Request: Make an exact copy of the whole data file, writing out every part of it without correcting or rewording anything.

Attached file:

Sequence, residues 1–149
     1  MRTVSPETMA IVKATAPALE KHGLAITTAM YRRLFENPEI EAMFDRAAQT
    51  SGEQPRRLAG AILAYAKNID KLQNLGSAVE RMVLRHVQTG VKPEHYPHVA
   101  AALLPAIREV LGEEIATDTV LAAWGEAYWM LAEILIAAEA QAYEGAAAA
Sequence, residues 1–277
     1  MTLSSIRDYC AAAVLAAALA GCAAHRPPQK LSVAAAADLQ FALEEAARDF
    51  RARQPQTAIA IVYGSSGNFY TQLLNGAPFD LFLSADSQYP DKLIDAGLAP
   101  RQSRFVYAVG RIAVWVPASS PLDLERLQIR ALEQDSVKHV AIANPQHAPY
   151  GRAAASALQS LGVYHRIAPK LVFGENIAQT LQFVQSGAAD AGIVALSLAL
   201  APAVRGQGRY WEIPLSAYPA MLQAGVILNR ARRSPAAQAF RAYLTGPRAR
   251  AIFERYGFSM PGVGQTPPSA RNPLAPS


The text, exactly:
Sequence, residues 1–149
     1  MRTVSPETMA IVKATAPALE KHGLAITTAM YRRLFENPEI EAMFDRAAQT
    51  SGEQPRRLAG AILAYAKNID KLQNLGSAVE RMVLRHVQTG VKPEHYPHVA
   101  AALLPAIREV LGEEIATDTV LAAWGEAYWM LAEILIAAEA QAYEGAAAA
Sequence, residues 1–277
     1  MTLSSIRDYC AAAVLAAALA GCAAHRPPQK LSVAAAADLQ FALEEAARDF
    51  RARQPQTAIA IVYGSSGNFY TQLLNGAPFD LFLSADSQYP DKLIDAGLAP
   101  RQSRFVYAVG RIAVWVPASS PLDLERLQIR ALEQDSVKHV AIANPQHAPY
   151  GRAAASALQS LGVYHRIAPK LVFGENIAQT LQFVQSGAAD AGIVALSLAL
   201  APAVRGQGRY WEIPLSAYPA MLQAGVILNR ARRSPAAQAF RAYLTGPRAR
   251  AIFERYGFSM PGVGQTPPSA RNPLAPS